2016 — A look ahead


We’ve finally entered 2016.
I had originally planned to do a wrap-up of last year, but the bottom line is that I felt it’d be redundant and ultimately pointless.

Truth be said, I don’t know if and how much my spectacle into 2016 will genuinely add anything to the sea of words that have already been spread in tech media outlets, but hey.

[This is not intended to be an overview of the three companies’ future, but rather my own look at them, so consider this deeply narrowed-down and personal, as it is meant to be so.]

Forbes’ Most Valuable Brands list for 2015

I’d like to begin with this graph above, which I encountered just today.

It represents the world’s most valuable brands, and… well, it’s pretty self-explanatory, and actually quite telling in more than one way.

For a tech enthusiast like me, to see tech-industry related firms taking all the spots in the podium is quite satisfying, and even exciting to an extent, not to mention four out of the first five positions (Coca-Cola and IBM respectively) and an overall six in the Top 10, adding Samsung and Facebook to the mix, made it there as well.

Just think about it: six out of the world’s top ten most valuable companies are in the field of technology, and the top three is all there for themselves.

Pretty staggering, isn’t it?

To me, it is a clear indicator of technology’s importance in every aspect of our lives and world, from private to public, encompassing hobbies and businesses alike.

From our gadgets to our clothes, to the tools we use every day to commute, pay, read, learn, work to virtually any kind of innovation.

Everything is technology, and technology is everywhere.

It’s inevitable, and it reminds us all that technology isn’t just something that’s not alien anymore, but an immense, ever-coming wave of ‘everything-ness’ we should learn to understand, appreciate and embrace, rather than ignore or — worse — fight.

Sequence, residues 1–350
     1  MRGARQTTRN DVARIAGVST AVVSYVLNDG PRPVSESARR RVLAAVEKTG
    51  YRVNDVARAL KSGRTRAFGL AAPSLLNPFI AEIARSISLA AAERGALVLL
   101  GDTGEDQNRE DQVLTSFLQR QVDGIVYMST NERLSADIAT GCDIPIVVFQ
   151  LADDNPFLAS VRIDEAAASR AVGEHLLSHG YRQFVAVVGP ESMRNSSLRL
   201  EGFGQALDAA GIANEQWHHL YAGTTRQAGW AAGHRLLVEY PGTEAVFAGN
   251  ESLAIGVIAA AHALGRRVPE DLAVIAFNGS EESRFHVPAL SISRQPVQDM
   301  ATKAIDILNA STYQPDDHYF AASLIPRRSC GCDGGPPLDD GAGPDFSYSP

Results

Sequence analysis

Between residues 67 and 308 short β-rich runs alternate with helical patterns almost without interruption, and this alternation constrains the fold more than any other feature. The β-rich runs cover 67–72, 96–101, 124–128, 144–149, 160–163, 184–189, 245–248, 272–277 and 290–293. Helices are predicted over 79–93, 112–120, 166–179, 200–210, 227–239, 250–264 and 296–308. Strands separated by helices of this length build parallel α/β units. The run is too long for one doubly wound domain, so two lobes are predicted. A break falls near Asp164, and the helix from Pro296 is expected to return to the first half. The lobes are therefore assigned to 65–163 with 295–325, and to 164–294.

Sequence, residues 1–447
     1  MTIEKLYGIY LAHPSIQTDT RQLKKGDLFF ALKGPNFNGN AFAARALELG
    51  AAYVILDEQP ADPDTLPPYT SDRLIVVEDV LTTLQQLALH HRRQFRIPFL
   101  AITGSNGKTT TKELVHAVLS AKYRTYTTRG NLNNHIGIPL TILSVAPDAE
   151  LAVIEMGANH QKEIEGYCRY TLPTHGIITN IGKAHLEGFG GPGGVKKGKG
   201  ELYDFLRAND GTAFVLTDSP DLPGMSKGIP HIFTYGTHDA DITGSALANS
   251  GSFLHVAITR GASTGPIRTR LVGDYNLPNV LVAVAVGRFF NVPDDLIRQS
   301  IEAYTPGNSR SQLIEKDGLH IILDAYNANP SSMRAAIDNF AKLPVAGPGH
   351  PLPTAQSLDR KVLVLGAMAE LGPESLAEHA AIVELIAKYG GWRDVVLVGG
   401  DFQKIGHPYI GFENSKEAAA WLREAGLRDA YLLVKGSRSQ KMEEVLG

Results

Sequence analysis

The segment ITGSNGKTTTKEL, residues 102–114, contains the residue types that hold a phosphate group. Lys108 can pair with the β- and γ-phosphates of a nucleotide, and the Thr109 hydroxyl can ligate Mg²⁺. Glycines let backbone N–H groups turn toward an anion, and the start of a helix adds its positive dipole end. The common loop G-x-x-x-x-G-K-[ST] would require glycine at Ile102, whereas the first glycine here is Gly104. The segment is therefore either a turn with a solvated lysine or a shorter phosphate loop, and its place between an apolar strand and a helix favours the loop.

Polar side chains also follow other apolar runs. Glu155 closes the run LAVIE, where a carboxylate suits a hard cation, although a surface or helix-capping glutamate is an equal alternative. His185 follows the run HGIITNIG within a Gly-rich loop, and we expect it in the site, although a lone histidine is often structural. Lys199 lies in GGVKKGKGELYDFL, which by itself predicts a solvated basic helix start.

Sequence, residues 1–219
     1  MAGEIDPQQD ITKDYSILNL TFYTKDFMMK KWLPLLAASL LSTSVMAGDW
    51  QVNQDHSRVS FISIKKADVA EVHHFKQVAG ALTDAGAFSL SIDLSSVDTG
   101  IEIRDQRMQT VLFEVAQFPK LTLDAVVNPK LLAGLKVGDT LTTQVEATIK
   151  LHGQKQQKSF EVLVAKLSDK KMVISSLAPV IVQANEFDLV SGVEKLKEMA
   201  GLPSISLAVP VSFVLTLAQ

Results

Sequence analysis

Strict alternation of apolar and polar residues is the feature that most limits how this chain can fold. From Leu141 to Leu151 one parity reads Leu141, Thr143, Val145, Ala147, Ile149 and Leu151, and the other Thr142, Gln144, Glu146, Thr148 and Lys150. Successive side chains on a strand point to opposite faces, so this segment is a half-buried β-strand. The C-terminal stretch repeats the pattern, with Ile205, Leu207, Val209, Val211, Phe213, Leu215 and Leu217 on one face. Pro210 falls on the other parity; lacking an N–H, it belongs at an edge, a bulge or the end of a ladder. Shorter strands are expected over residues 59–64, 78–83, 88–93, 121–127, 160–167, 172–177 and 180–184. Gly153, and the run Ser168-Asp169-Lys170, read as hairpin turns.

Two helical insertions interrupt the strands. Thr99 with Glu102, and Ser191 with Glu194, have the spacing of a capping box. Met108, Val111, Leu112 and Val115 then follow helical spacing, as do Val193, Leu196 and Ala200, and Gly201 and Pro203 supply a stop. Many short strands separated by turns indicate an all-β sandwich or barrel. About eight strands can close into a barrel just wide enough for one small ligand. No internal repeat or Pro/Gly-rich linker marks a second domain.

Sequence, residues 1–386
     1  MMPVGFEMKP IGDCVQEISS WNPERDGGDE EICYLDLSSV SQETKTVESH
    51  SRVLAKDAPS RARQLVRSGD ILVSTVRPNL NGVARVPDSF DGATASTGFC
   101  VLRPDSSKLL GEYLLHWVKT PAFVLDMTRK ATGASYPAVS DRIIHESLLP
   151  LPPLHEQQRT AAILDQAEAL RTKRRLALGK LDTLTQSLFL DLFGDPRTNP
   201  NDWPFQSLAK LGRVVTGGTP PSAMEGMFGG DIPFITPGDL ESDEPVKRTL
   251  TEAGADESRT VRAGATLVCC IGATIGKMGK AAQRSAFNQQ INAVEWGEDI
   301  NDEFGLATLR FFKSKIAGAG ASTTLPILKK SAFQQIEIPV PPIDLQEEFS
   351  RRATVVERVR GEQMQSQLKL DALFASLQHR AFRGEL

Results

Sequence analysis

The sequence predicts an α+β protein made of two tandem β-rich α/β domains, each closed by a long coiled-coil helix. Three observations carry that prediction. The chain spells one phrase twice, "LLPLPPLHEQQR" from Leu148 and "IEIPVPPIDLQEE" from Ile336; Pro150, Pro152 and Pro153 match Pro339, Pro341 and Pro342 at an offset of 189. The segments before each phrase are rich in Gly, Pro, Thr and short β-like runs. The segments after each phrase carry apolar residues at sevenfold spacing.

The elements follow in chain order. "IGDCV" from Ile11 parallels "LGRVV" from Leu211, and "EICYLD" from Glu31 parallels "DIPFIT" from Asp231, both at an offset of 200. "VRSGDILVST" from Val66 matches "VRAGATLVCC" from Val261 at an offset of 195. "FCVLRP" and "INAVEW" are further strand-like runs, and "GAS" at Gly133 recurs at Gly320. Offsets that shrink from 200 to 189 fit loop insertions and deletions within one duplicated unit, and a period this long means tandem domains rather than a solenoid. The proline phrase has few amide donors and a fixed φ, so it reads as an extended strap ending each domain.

Back to the list and 2016, though.

That ranking goes to show trends that I had already scrutinised throughout the course of last year, out of which my main source of happiness is seeing Microsoft trumping Google.

Let’s leave Apple out of the equation for a moment; 2015 has sure been an important year for Google, from the corporate reshuffling under the new Alphabet umbrella, to an internal restructuring with the newly-appointed CEO Sundar Pichai, as well as the meaningful financial results of its ever-strong advertising business.

As a consumer electronics’ advocate, however, I couldn’t help but fantasise upon the rather dry year.

Aside from all the groundwork towards AIs and the future, we essentially got two key ‘products’: Android 6.0 Marshmallow and the new Nexus devices.

I bought the Nexus 6P myself, and now, after about three months of usage, I can only reiterate what my thoughts were back in October and then three days after my purchase: I am underwhelmed.

I switched to Android three years ago in search of a freer, more customisable and future-looking OS, and I found it, but after the Material Design revolution in 2014 I started to sense a bit of stagnation inside Google’s pool, and the company hasn’t helped me change that feeling at all.

If the Nexus 6P is supposed to represent the culmination of their path, then I have to disclose my slight disappointment.
As I said back then, it’s not like the 6P is a bad device (it sure isn’t; quite the opposite!), but that sense of ‘futurism’ and innovation has almost completely faded away, leaving me with a tool that is just as good for the present as it seems unprepared for the future.

Nothing about this device — which, again, is supposed to showcase the platform’s best of the best — makes me scream out of excitement, and more often than not are Android’s eternal frustrations to take over the ‘extreme’ side of my feelings’ palette.

Apps’ crashing, unexplainable lag, overheating, so-so battery life and a general lack of polish are the exact age-old problems that Marshmallow was supposed to fix, and it didn’t, while bringing very little new to the table (2-year late fingerprint reading support and a half-baked Now on Tap).

I won’t even get into all the complaints I’ve read about the Nexus 5X — just ask 9To5Google’s Stephen Hall.

Who’s to blame?
I don’t know, but my finger’s leading towards Google.